President calls on international community not to take military threat for granted

Taiwan President Chen Shui-bian has said that a referendum planned for March 2004 is not aimed at changing the status quo on the island, but to prevent war, RFA's Mandarin service reports.

Speaking in response to earlier comments made by U.S. President George W. Bush and Chinese Premier Wen Jiabao at their meeting in Washington Tuesday, Chen called on the international community not to simply accept the threat of military action which Beijing levels at the island, lest it should seek formal independence.

"Taiwan is a country with independent sovereignty. As the president of the Republic of China, my mandate is to protect that sovereignty, dignity, and security," Chen told reporters.

The Republic of China was set up after the 1911 revolution which saw the fall of China's last imperial dynasty. The ruling Nationalist Party continued to use the name even after its flight to Taiwan in 1949, when they lost a civil war to Mao Zedong's communists on the mainland. Beijing has threatened to use force should the island seek independent nationhood under the name Taiwan.

"We have no intention of changing the status quo in Taiwan," Chen said, "but we have no intention either of allowing the status quo in Taiwan to be changed by others."

"The Chinese Communist Party can be undemocratic, not pursue reforms if they wish," he said. "But they cannot be allowed to oppose or get rid of Taiwan's democratic reform process. We urge the international community not to regard the military threat from China...as a matter of course," Chen said.

Chen reaffirmed that the referendum would take place in March 2004, in the same month as the presidential poll, in which he is a candidate.

He said that the aspirations of 23 million Taiwan citizens for deeper democracy and the restoration of peace, for independence, and their anxieties over the threat from these missiles, were not matters to be settled by a handful of Chinese leaders in Beijing.

Chen's comments came after Bush called on Taiwan not to take any unilateral steps toward independence during a meeting with the visiting Chinese Premier Wen Jiabao in Washington.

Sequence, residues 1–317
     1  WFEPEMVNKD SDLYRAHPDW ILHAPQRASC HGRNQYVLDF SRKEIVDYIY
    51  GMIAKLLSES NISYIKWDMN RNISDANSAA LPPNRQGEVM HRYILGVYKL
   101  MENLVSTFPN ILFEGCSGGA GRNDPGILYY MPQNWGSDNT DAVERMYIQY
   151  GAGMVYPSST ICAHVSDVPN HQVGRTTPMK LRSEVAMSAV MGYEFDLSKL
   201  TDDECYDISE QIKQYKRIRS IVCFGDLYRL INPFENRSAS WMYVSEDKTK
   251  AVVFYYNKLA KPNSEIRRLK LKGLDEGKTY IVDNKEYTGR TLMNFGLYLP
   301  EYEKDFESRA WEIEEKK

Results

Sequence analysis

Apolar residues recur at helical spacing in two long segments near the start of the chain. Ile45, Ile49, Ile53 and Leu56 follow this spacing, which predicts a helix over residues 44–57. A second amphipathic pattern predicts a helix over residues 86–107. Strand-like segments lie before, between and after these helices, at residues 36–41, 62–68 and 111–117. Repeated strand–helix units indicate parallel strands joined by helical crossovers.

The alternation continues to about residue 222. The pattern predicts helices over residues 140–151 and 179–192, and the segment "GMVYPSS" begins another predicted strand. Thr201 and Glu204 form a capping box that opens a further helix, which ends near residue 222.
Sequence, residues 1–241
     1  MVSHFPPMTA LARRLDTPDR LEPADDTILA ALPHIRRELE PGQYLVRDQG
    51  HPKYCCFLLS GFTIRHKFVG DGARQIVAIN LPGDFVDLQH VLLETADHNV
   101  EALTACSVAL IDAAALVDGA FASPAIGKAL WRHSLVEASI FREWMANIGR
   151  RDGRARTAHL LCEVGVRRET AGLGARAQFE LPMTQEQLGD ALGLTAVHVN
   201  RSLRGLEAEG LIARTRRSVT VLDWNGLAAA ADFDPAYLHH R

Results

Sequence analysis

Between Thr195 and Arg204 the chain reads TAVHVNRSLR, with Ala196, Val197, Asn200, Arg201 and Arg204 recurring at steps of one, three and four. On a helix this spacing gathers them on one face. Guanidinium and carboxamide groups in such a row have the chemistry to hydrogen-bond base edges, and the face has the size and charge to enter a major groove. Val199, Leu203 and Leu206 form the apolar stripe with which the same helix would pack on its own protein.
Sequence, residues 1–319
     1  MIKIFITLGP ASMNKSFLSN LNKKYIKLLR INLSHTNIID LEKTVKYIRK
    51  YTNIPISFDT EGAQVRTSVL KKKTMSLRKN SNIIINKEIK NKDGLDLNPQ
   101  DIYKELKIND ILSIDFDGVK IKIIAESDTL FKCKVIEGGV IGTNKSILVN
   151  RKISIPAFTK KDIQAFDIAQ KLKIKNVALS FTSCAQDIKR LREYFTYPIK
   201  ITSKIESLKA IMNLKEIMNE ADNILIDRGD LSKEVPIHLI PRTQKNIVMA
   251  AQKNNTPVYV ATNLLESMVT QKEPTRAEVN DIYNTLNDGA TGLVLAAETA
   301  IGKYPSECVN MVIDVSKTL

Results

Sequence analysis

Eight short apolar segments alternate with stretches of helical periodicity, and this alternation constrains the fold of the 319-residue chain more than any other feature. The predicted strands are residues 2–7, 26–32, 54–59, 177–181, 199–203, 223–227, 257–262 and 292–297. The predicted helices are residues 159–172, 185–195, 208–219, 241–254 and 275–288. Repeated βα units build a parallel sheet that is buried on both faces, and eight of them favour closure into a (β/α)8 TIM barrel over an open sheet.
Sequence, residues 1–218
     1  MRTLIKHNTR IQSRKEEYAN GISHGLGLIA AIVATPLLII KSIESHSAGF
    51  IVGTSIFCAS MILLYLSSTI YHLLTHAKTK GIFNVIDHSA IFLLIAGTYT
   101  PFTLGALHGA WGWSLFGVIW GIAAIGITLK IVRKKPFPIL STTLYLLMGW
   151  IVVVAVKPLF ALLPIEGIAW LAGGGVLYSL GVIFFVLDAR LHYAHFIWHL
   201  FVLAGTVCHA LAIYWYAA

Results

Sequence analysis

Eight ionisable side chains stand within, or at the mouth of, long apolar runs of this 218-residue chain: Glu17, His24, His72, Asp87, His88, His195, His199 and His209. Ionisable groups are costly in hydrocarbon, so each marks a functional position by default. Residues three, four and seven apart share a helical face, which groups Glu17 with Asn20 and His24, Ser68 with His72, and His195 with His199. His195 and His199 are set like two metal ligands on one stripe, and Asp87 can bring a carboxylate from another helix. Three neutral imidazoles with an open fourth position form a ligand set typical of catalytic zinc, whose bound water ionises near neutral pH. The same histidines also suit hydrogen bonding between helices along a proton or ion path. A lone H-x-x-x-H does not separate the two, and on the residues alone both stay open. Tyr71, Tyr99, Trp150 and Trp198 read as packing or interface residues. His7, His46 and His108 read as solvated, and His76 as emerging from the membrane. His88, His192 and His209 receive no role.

"We oppose any unilateral decision by either China or Taiwan to change the status quo," Bush said. "And the comments and actions made by the leader of Taiwan indicate that he may be willing to make decisions unilaterally to change the status quo, which we oppose," Bush added.

However, U.S. officials have also reaffirmed Washington's commitment to help defend Taiwan in the event of an attack from China.

Cross-straits tensions traditionally run high during major elections on the democratic island, and Chen announced the referendum as his 2004 presidential election campaign moved into full swing.

Taiwan has already responded to criticism by saying that the referendum only demands that China stop pointing missiles at the island. Taiwan officials and the ruling party argue that the poll�Taiwan's first islandwide referendum�is vital to expanding the young democracy and protesting against China's missile threat.

"We need to widen our democracy, and we need U.S. support for this," Foreign Minister Eugene Chien said Tuesday.

At the meeting with Bush, Wen also repeated an earlier warning against any move that would seek to formalise the island's de facto independence.

"The Chinese government respects the desire of people in Taiwan for democracy," Wen said. "But we must point out that the attempts of Taiwan authorities, headed by Chen Shui-bian, are only using democracy as an excuse and (an) attempt to resort to (a) defensive referendum to split Taiwan away from China.

"Such separatist activities are what the Chinese side can absolutely not accept and tolerate," Wen said.


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